Understanding Disclosure of Embarrassing Information on Social Network Sites: A Neutralization Perspective

探究社交網站尷尬信息披露﹕基於中立化視角

Student thesis: Doctoral Thesis

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Award date20 Jan 2020

Abstract

Internet users frequently disclose embarrassing information about others (e.g., a photo showing a physiological defect or misbehavior). This behavior is referred to as disclosure of others’ embarrassing information (DOEI). A DOEI paradox on social networking sites (SNS) has been noted in the literature: although SNS users feel shame and guilt when they harm others by disclosing their embarrassing information, many users still frequently engage in DOEI behaviors.

Drawing upon neutralization theory, this thesis aims to reveal the reasons why SNS users engage in DOEI. DOEI is widely recognized as a typical online deviant behavior. Neutralization is a psychological moral disengagement process that can remove the inner constraints of committing deviant behavior by applying neutralization techniques (NTs). The central premise of neutralization theory is that users apply NTs to justify or find excuses for deviant behaviors, such as DOEI on SNS. Both the acceptance of NTs and the applicability of NTs are expected to influence DOEI.

This thesis consists of two studies. Study 1 aims to identify and categorize the NTs accepted by SNS users for their DOEI and to examine the effects of the acceptance of NTs on DOEI frequency. Moreover, by integrating account theory with neutralization theory, a theory-based taxonomy of NTs is proposed.

Using a scenario-based design, Study 2 focuses on examining the effects of applicability of NTs on situational DOEI behaviors. It contributes to existing literature by distinguishing the different effects of NT acceptance and NT applicability on deviant behaviors. Per neutralization theory, there are two preconditions for an NT to be applied in a scenario: (1) individuals accept an NT in general, and (2) they are in a scenario where the NT is applicable. With a scenario-based design, Study 2 examines the effects of applicability of NTs on situational DOEI behaviors. Study 2 further extends neutralization theory by investigating the contingent effects of self-image goals and self-worth goals. Findings show that the effect of applicability of justification-related NTs on DOEI becomes weaker for users with higher self-image goal. For users with higher self-worth goals, the effect of applicability of excuse-related NTs on DOEI gets weaker, whereas that of justification-related NTs on DOEI becomes stronger.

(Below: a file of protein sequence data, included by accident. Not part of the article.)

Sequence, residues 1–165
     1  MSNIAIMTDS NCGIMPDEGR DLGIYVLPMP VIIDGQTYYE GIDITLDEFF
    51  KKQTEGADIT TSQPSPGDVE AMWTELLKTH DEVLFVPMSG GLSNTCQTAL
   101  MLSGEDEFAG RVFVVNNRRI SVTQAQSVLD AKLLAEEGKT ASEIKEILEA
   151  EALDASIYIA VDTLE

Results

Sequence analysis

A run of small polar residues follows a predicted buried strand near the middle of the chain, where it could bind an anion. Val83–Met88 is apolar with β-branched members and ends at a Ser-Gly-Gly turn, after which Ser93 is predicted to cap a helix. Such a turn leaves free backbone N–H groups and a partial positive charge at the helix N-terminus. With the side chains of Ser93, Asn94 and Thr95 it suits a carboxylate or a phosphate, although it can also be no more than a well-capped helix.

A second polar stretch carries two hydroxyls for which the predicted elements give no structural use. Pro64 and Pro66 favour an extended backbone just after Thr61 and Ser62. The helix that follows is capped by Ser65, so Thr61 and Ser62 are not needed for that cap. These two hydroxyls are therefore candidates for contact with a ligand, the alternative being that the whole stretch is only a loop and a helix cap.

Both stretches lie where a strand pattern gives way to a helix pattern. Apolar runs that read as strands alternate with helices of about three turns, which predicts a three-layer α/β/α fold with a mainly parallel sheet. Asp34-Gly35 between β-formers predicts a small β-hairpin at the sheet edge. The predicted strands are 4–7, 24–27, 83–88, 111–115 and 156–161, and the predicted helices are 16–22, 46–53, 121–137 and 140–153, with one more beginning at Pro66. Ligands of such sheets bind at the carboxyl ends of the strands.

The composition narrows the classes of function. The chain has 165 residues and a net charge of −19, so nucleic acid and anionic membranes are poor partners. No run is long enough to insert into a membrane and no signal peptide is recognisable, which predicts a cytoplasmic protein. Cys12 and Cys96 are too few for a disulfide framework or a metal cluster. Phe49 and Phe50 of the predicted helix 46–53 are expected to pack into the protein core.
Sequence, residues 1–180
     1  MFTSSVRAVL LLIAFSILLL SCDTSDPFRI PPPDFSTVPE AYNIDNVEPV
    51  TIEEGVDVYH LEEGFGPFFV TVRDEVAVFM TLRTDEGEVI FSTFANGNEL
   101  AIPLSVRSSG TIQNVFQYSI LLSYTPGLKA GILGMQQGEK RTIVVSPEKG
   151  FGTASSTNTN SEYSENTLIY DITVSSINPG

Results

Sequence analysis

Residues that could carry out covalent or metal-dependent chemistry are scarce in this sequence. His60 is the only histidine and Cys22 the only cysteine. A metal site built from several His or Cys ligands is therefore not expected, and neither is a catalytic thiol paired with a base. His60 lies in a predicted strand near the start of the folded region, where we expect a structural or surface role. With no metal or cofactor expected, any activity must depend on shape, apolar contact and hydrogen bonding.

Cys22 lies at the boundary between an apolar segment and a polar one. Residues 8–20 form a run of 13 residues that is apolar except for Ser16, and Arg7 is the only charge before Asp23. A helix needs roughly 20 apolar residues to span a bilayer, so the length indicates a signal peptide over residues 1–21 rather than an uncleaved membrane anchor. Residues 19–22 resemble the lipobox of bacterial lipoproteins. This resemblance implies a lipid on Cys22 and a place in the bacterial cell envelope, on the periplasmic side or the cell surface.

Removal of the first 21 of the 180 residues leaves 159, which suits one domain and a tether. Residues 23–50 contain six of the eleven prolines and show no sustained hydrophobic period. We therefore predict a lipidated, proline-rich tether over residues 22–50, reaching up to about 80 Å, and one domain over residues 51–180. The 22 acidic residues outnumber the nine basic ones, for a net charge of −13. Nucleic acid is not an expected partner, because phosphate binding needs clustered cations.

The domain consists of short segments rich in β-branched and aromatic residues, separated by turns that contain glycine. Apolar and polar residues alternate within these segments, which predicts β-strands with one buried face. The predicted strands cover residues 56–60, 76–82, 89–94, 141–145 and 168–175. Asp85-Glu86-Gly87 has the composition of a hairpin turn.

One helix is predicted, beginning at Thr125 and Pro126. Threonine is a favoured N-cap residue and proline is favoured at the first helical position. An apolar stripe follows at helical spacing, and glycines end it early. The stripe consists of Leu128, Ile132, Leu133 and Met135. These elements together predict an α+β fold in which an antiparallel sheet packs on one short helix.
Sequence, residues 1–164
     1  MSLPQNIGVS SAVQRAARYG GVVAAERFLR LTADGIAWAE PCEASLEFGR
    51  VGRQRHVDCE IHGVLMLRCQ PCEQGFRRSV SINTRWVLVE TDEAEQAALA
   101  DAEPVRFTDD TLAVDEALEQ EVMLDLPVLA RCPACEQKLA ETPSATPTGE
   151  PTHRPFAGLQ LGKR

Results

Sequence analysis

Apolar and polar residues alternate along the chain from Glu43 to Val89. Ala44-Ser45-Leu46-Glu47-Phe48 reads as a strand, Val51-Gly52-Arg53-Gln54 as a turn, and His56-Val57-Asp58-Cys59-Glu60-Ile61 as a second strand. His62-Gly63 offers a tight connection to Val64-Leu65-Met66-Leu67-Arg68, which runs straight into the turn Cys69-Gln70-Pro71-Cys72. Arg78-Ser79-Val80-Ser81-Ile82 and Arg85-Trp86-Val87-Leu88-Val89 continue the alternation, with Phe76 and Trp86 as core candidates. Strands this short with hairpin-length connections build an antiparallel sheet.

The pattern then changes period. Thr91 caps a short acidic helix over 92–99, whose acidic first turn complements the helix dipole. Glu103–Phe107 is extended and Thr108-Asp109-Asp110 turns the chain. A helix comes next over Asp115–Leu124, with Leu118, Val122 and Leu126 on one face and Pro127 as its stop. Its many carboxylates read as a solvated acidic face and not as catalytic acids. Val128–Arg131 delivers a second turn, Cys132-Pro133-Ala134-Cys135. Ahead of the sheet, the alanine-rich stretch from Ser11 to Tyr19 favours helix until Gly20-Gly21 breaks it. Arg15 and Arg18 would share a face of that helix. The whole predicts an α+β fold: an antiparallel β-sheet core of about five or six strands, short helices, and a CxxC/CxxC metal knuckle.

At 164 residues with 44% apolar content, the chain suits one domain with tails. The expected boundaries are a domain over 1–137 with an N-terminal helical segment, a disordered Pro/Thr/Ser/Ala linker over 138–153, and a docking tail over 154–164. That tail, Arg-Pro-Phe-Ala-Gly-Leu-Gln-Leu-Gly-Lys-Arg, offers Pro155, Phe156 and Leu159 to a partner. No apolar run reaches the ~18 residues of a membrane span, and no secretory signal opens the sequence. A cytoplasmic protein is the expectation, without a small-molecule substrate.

This thesis is among the early research that endeavors to understand the phenomenon of DOEI on SNS. It contributes to the research on information privacy by extending the neutralization theory to the DOEI context. The thesis also contributes to neutralization theory by proposing and validating a theory-based typology of NTs. It also contributes to neutralization theory by empirically comparing the effectiveness of two representations of NTs, namely, the acceptance of NTs and applicability of NTs, in predicting DOEI. Finally, this thesis proposes two contingent factors (i.e., self-image goals and self-worth goals) that moderate the effects of applicability of NTs on DOEI.

    Research areas

  • Disclosure of Others’ Embarrassing Information, Neutralization Theory, Excuse-related NTs, Justification-related NTs, Self-image goals, Self-worth goals, Social Networking Sites